There has been a huge increase in the number of businesses reporting extortion attempts by drug cartels in Mexico, according to a survey by the American Chamber in Mexico.

The survey of 541 members of the American group as well as the British and Japanese chambers of commerce in Mexico showed the percentage of firms reporting cartel extortions has doubled. Such problems were reported by 18 percent in 2012, but the number jumped to 36 percent this year even as reports of most of other types of crimes declined.

Companies reported fewer thefts of shipments or supplies and fewer threats or attacks on employees in the most recent survey.

Most of the firms surveyed said the overall security situation in Mexico isn't getting worse: 84 percent said their companies were as safe or safer than they were in 2012. However, it was unclear whether that was a result of increased investment by the companies themselves in private security measures or because of a general improvement in public safety.

Twenty-eight percent of the firms said they had hired additional private security forces or consultants over the last year, and security spending averaged about 4 percent of total costs for firms responding in the survey.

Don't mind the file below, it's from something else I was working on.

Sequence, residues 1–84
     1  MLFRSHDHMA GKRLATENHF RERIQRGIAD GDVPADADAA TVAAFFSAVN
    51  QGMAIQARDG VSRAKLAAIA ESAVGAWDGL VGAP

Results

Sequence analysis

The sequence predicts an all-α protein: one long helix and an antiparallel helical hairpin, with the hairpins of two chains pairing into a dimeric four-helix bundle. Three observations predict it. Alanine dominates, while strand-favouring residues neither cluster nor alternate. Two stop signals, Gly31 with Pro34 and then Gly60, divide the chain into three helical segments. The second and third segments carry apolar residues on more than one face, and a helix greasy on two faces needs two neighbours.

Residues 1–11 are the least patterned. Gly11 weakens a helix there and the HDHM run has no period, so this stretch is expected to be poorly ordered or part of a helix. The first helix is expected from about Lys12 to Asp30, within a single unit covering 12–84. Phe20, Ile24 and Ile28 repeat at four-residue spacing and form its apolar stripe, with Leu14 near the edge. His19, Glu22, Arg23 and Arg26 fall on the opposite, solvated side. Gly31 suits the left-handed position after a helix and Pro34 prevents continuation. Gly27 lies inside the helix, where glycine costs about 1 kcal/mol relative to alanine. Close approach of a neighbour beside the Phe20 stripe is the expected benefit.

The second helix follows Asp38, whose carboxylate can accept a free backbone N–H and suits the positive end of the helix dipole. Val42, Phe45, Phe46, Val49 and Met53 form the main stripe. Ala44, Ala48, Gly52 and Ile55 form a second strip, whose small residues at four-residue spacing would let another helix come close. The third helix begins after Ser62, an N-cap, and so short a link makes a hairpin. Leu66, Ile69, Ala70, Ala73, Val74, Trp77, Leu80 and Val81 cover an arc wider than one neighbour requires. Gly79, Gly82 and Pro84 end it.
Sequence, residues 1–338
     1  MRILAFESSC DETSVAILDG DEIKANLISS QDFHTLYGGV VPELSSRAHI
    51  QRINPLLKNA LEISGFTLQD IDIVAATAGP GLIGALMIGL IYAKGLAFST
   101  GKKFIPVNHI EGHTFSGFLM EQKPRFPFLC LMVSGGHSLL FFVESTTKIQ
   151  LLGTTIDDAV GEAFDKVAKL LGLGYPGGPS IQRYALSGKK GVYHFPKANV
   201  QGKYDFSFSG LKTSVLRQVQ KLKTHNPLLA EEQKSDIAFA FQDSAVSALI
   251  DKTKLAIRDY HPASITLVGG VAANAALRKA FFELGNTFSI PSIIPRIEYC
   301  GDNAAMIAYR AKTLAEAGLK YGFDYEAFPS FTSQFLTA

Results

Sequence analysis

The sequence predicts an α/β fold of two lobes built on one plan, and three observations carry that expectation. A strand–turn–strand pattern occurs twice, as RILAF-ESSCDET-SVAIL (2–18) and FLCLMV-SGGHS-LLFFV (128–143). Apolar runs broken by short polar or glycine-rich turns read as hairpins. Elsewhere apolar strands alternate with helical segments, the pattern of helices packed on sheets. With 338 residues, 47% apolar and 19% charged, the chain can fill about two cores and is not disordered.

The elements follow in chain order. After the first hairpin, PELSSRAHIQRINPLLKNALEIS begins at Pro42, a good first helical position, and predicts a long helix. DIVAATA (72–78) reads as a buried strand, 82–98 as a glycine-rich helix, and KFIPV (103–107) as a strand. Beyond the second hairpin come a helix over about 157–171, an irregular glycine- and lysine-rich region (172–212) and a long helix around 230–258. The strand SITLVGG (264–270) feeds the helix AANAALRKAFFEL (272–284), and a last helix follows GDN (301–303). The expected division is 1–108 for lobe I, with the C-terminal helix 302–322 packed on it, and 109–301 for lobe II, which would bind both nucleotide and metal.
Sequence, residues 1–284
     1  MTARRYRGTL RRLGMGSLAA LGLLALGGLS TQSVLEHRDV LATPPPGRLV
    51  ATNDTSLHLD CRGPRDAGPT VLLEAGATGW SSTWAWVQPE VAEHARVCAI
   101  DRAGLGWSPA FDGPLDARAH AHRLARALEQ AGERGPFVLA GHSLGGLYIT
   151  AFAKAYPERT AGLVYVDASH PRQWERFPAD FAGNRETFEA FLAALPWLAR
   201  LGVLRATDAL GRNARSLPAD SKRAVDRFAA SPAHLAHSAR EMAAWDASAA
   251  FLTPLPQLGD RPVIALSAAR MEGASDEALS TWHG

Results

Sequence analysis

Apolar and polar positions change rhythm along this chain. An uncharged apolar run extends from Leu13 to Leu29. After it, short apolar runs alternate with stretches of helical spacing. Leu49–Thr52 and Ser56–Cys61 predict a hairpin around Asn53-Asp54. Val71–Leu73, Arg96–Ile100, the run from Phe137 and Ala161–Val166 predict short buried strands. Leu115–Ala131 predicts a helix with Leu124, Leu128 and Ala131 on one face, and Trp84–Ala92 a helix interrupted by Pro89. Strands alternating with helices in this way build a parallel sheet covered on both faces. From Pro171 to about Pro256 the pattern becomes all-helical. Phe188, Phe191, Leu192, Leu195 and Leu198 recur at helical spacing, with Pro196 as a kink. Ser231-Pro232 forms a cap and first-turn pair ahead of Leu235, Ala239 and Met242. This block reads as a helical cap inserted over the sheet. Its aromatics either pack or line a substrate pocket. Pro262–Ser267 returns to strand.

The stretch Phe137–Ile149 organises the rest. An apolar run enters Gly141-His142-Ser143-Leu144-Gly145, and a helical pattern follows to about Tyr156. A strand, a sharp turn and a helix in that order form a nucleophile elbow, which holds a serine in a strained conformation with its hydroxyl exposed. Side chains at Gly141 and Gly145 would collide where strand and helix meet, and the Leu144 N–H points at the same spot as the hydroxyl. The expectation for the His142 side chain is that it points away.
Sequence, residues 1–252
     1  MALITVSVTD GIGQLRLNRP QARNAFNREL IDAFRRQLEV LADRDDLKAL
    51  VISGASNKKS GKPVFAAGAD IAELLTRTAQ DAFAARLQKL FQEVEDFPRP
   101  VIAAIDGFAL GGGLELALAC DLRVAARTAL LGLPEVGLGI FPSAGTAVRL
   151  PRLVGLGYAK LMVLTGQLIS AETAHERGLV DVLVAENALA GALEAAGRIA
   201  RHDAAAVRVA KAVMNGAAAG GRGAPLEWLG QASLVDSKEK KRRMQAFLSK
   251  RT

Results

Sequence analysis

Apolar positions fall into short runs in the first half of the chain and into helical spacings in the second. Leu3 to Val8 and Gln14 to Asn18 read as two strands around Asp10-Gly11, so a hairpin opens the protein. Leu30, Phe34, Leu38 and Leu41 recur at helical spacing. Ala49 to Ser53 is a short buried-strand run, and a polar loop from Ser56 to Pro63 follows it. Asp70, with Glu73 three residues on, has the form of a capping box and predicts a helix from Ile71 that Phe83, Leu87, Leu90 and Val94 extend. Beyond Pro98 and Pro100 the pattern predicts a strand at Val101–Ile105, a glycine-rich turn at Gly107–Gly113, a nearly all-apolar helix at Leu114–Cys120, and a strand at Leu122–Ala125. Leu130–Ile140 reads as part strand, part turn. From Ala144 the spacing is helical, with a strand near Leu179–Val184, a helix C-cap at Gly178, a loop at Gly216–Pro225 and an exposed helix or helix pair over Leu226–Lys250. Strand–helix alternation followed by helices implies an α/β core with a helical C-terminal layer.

Forty-two percent of companies said they restricted corporate travel by employees in Mexico for security reasons. That is a stance adopted even by the U.S. Embassy in Mexico, which limits nonessential travel by embassy personnel in certain regions of Mexico.

Two percent of companies said they had moved operations out of Mexico for security reasons. Five percent said they had moved, or were considering moving, operations from one Mexican state to another because of security concerns. That is a bit lower than in 2012, when 9 percent said they had moved from one state to another.

The state that lost the most firms was the northern border state of Nuevo Leon, where the industrial hub of Monterrey, Mexico's second-largest city, is located. Monterrey saw a huge increase in drug-related violence starting in 2011.